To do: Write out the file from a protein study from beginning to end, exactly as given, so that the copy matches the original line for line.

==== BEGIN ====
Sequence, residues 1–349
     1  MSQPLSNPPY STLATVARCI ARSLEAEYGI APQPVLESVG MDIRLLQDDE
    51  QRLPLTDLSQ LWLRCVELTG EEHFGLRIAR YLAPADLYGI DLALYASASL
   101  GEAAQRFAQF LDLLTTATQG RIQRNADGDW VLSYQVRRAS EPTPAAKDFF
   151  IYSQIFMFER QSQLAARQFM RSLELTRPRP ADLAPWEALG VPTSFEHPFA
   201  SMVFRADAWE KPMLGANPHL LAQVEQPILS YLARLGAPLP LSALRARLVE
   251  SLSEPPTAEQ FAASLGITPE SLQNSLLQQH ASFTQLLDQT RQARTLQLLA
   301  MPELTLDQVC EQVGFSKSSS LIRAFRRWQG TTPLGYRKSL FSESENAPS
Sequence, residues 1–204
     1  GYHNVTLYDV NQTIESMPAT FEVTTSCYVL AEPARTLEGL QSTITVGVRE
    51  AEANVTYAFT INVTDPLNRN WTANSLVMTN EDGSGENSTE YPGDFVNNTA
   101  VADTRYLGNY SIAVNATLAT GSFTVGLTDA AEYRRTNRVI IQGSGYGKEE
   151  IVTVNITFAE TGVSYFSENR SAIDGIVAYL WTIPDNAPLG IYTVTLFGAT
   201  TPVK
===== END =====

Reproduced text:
Sequence, residues 1–349
     1  MSQPLSNPPY STLATVARCI ARSLEAEYGI APQPVLESVG MDIRLLQDDE
    51  QRLPLTDLSQ LWLRCVELTG EEHFGLRIAR YLAPADLYGI DLALYASASL
   101  GEAAQRFAQF LDLLTTATQG RIQRNADGDW VLSYQVRRAS EPTPAAKDFF
   151  IYSQIFMFER QSQLAARQFM RSLELTRPRP ADLAPWEALG VPTSFEHPFA
   201  SMVFRADAWE KPMLGANPHL LAQVEQPILS YLARLGAPLP LSALRARLVE
   251  SLSEPPTAEQ FAASLGITPE SLQNSLLQQH ASFTQLLDQT RQARTLQLLA
   301  MPELTLDQVC EQVGFSKSSS LIRAFRRWQG TTPLGYRKSL FSESENAPS
Sequence, residues 1–204
     1  GYHNVTLYDV NQTIESMPAT FEVTTSCYVL AEPARTLEGL QSTITVGVRE
    51  AEANVTYAFT INVTDPLNRN WTANSLVMTN EDGSGENSTE YPGDFVNNTA
   101  VADTRYLGNY SIAVNATLAT GSFTVGLTDA AEYRRTNRVI IQGSGYGKEE
   151  IVTVNITFAE TGVSYFSENR SAIDGIVAYL WTIPDNAPLG IYTVTLFGAT
   201  TPVK